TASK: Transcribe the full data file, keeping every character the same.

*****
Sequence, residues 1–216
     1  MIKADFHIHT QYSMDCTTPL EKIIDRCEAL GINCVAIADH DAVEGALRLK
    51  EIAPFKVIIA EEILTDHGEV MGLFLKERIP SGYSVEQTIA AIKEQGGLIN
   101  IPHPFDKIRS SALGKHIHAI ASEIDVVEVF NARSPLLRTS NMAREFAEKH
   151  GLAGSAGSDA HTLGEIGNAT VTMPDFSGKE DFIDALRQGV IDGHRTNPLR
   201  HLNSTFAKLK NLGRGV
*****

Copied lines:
Sequence, residues 1–216
     1  MIKADFHIHT QYSMDCTTPL EKIIDRCEAL GINCVAIADH DAVEGALRLK
    51  EIAPFKVIIA EEILTDHGEV MGLFLKERIP SGYSVEQTIA AIKEQGGLIN
   101  IPHPFDKIRS SALGKHIHAI ASEIDVVEVF NARSPLLRTS NMAREFAEKH
   151  GLAGSAGSDA HTLGEIGNAT VTMPDFSGKE DFIDALRQGV IDGHRTNPLR
   201  HLNSTFAKLK NLGRGV